Archive: Jul 5, 2022, 12:00 AM
Commission finds that employee not entitled to overtime payments for time spent on employer provided transport to and from work site
The Commission has found that an employee was not entitled to overtime payments for time spent on an employer provided bus commuting to a work site. The Commission found that while the employee was compelled to take the bus, the employee was not performing work at this time under the terms of the contract of employment.
The applicant was employed as an electrician by the respondent. The respondent held a contract with Albermarle Lithium, providing workers for a plant in Kemerton. Albermarle established a transport depot in a carpark 12 kms, or 20 minutes, from the plant. The plant was only accessible by bus from this carpark, and contractors, including the respondent, would transport workers by bus to the plant. As such, the applicant, and other workers, were compelled to commute to the plant in this manner each day.
The applicant contended that he had a contractual entitlement to overtime pay and a site allowance for the time spent on the bus, and brought a claim under s 29(1)(b)(ii) of the Industrial Relations Act 1979 (WA).
The applicant contended that the words ‘work performed’ in the clause of the employment contract referring to overtime payments, should be read broadly to refer to work performed whenever an employee is attending at a place and time as required by the employer. In the alternative, the applicant contended that if this is not the correct construction of the employment contract, that he was entitled to be remunerated for the time spent on the bus and at the plant, prior to commencing, on the grounds of unjust enrichment.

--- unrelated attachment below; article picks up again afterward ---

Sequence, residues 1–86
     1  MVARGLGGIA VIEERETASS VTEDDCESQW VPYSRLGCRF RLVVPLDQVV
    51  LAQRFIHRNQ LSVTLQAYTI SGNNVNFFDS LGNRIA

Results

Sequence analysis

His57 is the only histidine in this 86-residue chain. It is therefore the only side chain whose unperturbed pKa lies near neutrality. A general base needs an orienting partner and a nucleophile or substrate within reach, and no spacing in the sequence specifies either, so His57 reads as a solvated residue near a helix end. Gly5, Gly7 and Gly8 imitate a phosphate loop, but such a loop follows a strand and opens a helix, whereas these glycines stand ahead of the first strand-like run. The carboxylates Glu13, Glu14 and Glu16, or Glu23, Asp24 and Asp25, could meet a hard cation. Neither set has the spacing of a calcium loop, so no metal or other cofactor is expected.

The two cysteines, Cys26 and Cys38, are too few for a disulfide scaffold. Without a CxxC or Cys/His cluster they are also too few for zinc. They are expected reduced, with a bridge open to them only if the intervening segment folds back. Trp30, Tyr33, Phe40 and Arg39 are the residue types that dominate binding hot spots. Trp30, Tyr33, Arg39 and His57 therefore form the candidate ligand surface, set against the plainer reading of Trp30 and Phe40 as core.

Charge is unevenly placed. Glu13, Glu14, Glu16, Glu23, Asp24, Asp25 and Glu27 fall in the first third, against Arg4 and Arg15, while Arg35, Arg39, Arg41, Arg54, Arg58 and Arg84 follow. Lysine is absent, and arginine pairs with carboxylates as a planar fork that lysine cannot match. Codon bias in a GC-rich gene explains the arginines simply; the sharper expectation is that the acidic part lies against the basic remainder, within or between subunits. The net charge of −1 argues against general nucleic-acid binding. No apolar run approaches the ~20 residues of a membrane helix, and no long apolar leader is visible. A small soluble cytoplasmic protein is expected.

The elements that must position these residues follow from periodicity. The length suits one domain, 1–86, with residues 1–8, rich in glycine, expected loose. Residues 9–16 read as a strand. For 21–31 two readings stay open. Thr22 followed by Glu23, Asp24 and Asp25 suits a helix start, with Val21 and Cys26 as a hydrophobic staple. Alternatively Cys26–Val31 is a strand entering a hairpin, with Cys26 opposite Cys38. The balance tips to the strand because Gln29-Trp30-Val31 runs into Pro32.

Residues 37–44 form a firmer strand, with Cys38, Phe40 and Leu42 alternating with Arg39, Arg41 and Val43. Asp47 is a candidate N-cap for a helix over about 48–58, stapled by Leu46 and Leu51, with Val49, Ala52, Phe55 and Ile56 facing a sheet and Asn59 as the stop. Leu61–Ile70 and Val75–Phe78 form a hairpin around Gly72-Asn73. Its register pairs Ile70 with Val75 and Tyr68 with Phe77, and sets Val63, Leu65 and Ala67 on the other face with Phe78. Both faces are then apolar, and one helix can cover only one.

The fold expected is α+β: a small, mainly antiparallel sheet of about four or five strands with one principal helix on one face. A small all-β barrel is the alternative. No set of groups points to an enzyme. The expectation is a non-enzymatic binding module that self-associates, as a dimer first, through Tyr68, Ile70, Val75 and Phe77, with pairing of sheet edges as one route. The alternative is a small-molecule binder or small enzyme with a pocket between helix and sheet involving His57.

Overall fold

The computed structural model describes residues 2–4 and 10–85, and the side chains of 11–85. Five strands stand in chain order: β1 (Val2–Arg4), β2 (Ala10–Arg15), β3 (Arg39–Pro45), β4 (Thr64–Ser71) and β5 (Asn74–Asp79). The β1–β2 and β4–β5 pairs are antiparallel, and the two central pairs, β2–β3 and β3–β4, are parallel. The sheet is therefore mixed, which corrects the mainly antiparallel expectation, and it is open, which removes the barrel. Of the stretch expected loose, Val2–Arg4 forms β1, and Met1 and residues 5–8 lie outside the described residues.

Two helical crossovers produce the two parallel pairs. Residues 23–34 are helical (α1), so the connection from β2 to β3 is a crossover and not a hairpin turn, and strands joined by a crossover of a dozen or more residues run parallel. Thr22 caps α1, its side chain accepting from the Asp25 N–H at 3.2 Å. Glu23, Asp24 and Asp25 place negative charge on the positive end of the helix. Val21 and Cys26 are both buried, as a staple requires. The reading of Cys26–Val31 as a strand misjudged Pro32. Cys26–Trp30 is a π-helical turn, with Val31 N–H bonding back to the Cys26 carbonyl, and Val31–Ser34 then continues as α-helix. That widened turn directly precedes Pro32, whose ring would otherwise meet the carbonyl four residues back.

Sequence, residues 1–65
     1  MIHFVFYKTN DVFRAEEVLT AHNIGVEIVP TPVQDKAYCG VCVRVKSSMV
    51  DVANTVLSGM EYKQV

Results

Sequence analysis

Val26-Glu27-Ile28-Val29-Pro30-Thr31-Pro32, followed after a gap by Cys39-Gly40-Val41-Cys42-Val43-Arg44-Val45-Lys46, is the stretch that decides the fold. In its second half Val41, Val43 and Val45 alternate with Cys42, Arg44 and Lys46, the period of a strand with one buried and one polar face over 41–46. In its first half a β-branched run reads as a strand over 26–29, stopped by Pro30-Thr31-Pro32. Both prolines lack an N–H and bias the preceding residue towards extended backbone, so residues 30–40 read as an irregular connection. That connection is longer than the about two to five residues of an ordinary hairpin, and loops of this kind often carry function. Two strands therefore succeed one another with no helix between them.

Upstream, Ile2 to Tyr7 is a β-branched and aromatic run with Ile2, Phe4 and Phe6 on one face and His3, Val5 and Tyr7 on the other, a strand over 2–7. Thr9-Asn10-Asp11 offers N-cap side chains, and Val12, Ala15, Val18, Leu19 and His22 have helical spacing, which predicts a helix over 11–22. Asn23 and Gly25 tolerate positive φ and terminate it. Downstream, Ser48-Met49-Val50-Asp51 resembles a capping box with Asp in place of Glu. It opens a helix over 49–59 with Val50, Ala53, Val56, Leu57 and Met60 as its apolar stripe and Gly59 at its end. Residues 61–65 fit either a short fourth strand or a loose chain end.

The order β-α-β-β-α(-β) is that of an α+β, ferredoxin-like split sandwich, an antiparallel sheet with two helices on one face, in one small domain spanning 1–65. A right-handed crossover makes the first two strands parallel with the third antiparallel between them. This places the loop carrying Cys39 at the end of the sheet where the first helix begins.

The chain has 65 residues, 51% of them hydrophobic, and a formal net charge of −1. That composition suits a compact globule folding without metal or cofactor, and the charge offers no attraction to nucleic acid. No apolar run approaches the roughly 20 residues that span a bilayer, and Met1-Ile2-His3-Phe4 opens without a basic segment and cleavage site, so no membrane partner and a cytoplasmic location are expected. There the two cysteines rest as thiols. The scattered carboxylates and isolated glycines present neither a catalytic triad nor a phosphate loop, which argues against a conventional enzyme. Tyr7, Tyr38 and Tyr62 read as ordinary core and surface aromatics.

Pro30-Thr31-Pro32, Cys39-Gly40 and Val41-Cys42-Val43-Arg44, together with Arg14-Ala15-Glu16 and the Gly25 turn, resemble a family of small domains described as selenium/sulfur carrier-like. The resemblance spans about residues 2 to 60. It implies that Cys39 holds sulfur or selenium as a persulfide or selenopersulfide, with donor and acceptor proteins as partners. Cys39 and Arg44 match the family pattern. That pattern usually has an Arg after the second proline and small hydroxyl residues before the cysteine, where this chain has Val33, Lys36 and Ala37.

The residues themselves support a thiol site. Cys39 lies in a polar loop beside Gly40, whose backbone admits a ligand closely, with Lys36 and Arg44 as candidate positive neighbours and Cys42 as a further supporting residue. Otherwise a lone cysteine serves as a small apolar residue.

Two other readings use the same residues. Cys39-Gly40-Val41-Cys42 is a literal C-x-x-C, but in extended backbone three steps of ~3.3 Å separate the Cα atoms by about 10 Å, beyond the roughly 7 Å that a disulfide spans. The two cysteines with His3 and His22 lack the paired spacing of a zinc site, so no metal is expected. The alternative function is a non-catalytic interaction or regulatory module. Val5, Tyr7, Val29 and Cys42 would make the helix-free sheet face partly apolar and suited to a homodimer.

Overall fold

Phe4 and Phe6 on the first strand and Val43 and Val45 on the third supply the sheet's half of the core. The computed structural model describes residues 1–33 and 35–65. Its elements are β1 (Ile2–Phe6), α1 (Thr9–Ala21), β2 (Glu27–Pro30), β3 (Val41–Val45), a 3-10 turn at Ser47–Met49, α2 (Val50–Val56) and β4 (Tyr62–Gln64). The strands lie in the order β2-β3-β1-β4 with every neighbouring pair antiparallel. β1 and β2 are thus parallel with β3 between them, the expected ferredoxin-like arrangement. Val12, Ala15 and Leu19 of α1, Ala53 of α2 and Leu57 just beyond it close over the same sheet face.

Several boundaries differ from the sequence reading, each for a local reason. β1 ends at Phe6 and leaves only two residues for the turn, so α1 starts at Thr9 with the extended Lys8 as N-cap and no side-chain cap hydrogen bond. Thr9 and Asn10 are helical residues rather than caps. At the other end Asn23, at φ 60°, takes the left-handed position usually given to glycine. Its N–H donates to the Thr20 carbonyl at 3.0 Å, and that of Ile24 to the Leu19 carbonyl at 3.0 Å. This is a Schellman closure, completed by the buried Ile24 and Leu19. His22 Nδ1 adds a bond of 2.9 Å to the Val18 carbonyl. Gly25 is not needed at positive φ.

The respondent contended that the words ‘work performed’ were limited to refer to the time when the employee was engaged in their trade discipline, and that this was supported by looking to the text, context, and purpose of the clauses within the employment contract.
Senior Commissioner Cosentino noted that while relevant authorities pertaining to the meaning of the phrase ‘work’ provided guidance, that whether the bus ride constituted ‘work’, would depend on the construction of the employment contract and facts of the case, citing Seo v Bindaree Food Group and Federated Municipal and Shire Council Employees Union of Australia v Shire of Albany (1990) 32 IR 470.
The Senior Commissioner noted that the employment contract referred to work as starting and finishing at the work site, being the location ‘where he performs operational and productive work involving the application of trade skills, and functions associated with the application of trade skills.’ As such, reference to ‘work performed’ in the overtime clause, would similarly refer to activities including skills of the trade, productive work, or associated functions.
The Senior Commissioner found that the applicant was not entitled to overtime payments for the time spent on the bus. While he was directed to attend the carpark and be transported by bus, he was able to engage in entirely private activities while on the bus, and that he was not performing duties associated with his trade or job functions at that time.
The Senior Commissioner further concluded that it was not within the Commission’s jurisdiction in a claim for denied contractual benefits under s 29(1)(b)(ii) of the Act, to determine an alternative claim for unjust enrichment.
The application was dismissed.
The decision can be read here.